Clifford Lopate

Research Associate Professor, Department of Physics
Research Associate Professor, Space Science Center (EOS)

Clifford Lopate received his PhD in Physics from the University of Chicago in 1988, working with advisor John A. Simpson. His primary field of study is experimental high energy particle astrophysics. He works mainly with instrument design and data analysis.

His instrument design work began as a post-doctoral student at the University of Chicago with the Chicago High Energy Telescope HET) on the Combined Release and Radiation Effects Satellite (CRRES), launched into Earth orbit in 1990. He continued helping design space instrumentation with work on the Energetic Heavy Ion Composition (EHIC) instrument launched on NOAA-13 in 1993. He has helped designed prototype instruments for measuring charged particles in space from the Angle Detecting Inclined Sensor (ADIS) whose purpose is to measure ions, from hydrogen through nickel; to the Positron Identification by Coincident Annihilation Photons (PICAP) whose purpose is to identify differentiate between moderate energy positrons and negatrons. He is currently the Principal Investigator for the design and build of the Energetic Heavy Ion Sensor (EHIS), part of the Space Environmental In-Situ Suite (SEISS), to be launched on the newest Geostationary Operational Environmental Satellite (GOES-R) in November 2016.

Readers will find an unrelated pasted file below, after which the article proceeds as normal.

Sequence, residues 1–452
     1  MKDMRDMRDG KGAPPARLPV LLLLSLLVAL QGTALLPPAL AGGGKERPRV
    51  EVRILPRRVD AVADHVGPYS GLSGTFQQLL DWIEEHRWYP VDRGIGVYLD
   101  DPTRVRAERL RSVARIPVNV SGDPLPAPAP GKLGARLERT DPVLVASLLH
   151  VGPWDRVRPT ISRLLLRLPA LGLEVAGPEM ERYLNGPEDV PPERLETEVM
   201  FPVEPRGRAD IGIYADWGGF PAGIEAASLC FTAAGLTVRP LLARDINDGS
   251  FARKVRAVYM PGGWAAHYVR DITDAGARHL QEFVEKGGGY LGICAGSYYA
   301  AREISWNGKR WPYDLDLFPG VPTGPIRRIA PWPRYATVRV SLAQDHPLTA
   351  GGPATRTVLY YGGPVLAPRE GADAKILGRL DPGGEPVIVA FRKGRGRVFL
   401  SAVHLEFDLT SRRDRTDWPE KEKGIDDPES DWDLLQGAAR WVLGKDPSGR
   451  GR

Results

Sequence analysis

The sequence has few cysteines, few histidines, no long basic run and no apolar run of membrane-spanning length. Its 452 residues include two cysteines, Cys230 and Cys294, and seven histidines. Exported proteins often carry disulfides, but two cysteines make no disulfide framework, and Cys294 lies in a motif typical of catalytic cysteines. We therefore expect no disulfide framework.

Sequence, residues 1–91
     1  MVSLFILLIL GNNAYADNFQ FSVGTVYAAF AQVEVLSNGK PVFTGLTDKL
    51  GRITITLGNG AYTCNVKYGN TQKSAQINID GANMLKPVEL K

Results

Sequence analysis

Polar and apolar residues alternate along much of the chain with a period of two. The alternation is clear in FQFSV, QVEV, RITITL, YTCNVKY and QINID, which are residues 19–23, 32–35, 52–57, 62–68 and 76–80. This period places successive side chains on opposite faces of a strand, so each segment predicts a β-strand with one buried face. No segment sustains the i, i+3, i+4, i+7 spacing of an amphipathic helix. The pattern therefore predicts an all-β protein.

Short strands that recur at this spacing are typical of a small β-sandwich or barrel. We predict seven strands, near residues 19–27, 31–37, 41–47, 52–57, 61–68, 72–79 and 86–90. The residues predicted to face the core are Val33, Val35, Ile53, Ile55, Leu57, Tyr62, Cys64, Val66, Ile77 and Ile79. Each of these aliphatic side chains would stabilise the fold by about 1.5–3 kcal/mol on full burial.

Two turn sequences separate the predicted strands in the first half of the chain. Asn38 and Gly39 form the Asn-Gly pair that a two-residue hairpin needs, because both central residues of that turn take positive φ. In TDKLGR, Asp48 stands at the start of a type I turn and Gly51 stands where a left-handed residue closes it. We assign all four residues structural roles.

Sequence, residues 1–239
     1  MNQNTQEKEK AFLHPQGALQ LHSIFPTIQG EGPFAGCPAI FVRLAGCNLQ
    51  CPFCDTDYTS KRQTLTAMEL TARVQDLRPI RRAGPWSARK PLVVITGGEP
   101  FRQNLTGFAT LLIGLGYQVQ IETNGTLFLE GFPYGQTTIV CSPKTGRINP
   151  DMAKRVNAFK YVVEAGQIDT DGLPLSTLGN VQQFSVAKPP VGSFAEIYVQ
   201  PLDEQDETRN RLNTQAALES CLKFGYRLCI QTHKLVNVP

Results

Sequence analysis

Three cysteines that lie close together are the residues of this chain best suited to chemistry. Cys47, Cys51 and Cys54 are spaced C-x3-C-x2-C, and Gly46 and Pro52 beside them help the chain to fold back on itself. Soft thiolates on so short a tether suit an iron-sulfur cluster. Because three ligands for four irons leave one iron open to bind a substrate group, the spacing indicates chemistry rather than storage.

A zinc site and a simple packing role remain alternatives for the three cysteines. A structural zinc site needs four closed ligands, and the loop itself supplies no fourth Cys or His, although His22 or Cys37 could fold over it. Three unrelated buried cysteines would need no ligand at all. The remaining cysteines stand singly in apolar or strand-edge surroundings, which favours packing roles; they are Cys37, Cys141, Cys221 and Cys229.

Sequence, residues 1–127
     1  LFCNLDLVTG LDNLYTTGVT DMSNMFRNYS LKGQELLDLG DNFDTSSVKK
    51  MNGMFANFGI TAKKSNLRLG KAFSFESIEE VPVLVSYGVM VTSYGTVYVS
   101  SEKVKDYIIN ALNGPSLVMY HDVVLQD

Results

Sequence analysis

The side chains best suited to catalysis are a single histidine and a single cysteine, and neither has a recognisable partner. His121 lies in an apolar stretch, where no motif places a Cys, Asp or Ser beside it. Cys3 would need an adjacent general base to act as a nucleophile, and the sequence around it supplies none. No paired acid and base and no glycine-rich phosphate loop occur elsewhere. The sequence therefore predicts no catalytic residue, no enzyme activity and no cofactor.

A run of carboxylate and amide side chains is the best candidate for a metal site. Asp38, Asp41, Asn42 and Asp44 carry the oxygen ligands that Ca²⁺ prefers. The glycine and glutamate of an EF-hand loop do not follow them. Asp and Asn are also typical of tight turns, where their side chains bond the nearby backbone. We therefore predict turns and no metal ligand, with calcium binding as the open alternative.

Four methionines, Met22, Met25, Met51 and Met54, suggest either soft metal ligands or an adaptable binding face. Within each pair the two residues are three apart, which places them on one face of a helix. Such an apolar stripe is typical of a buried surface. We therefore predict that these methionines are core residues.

In addition to instrument design he has worked on data analysis and modeling of charged particle data from numerous space-borne instruments, in Earth orbit on satellites IMP7, IMP8, CRRES, WIND, Polar; and in deep space on satellites Pioneer-10, Pioneer-11, Voyager-1, Voyager-2, Ulysses and ACE. He is interested in understanding and predicting levels of radiation in the Heliosphere, from long-term sources such as Galactic Cosmic Rays (GCRs) and Anomalous Cosmic Rays (ACRs), and from short-term sources such as Solar Particle Events (SPEs). Modeling the ionizing radiation environment in the Heliosphere and near-Earth regimes (Space Weather) can help understand the hazards this energetic penetrating radiation can pose to both electronics (for example, GPS and cell phone satallites) and to biological system (i.e. astronauts and airline flight personnel).




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